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The 22-year sentence for a Libyan militant convicted of four terrorism charges for his involvement in the 2012 Benghazi attack is “unreasonably low,” a federal appeals court ruled Tuesday.
Ahmed Abu Khatallah, 51, was convicted of four counts in 2017, including providing material support to terrorists and destroying US property, but was acquitted on the most serious charges.
Four Americans were killed in the attack on a US diplomatic compound and a CIA complex in Benghazi, Libya, on Sept. 11, 2012.
Sentencing guidelines said that Khatallah should have been sentenced to 30 years to life in prison, according to prosecutors.
The US Court of Appeals for the DC Circuit ruled Tuesday that 22 years in prison is not long enough for Khatallah “given the gravity of such an assault on an American diplomatic facility and the district court’s own recognition of the vital need to deter such crimes.”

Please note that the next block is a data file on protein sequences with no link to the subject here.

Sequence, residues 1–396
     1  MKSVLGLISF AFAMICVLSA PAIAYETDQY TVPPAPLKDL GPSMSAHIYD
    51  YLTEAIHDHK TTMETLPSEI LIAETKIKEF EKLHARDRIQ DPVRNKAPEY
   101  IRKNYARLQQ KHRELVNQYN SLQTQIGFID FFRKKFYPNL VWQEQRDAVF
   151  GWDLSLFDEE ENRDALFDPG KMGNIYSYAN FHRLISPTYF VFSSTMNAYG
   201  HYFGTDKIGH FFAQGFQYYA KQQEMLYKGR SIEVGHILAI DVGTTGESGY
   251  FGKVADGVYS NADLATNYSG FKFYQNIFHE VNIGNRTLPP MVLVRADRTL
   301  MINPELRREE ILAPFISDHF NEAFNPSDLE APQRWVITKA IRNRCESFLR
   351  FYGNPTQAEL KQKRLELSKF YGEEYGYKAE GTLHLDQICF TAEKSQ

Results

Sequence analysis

“In sentencing Khatallah to just twelve years for the two support-of-terrorism counts and the property destruction count, the district court did not—and could not on this record—sufficiently justify its additional variance so far below the sentencing range that would have been appropriate even without any consideration of acquitted conduct,” the three-judge panel wrote.
Khatallah motioned for a mistrial both before and after the verdict, then appealed his sentence in 2020, but prosecutors cross-appealed.
The appeals court remanded Khatallah for resentencing.
The Associated Press contributed to this report.